rich foods. To make your kids, try out some tasty and easy meatloaf recipes.
Beetroot has high level of iron content. This helps in reactivating and regenerating the red blood cells.
Its not just meant for Popeye, but for all his fans. Spinach, the generously green plant is one of the popular iron foods. In a serving of 180g of spinach, body gets 6.43mg of iron.
Broccoli, similar in structure to cauliflower is high in iron. The iron rich vegetable can be boiled and with a little sprinkle of salt,Broccoli will be ready for the table.
Almonds, the exquisite nuts of Middle East are iron rich foods. An ounce of almonds in daily diet, will give you 6% of daily iron requirement.
Dates are dry fruits which foods with high iron content. They also provide the body with essential nutrients and thus are supposed to have multiple health benefits.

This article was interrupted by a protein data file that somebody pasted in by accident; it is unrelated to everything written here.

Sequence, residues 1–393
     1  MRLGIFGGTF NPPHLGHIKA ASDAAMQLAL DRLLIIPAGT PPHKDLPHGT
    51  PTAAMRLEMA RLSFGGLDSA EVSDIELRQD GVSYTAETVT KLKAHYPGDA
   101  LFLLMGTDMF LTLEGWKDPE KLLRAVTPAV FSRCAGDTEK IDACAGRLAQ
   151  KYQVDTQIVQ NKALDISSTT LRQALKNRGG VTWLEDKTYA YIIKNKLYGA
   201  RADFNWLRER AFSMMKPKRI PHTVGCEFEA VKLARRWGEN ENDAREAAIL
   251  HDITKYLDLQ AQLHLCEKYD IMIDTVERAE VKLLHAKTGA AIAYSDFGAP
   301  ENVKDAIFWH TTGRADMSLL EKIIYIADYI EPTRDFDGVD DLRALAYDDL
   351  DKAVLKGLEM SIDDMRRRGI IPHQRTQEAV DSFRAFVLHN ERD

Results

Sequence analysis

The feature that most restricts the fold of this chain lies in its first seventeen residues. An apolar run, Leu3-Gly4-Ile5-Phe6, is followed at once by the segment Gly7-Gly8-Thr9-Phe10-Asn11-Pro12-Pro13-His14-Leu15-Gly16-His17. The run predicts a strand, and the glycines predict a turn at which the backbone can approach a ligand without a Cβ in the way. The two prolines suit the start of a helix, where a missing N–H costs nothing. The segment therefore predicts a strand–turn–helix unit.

Fenugreek, native of Indian land, is used both as a herb and spice. This vegetable is one of the important iron rich foods. The natural source of iron is good for building hemoglobin and for long term health benefits.
Asparagus belongs to the plant family and has over 300 species. 'Asparagus officinalis' is the edible asparagus, and is considered to be high iron food item. For healthy eating try incorporating asparagus soup or asparagus salad in your daily meal.
This high in iron food, can be eaten raw. It also provides Vitamin C, K and A to the body. For delicious preparations use it in salads and sandwiches.
Swiss Chard is has innumerable health benefits. Swiss chard is recommended as improve the intake of iron for those suffering with iron deficiency and even to those who want to prevent one!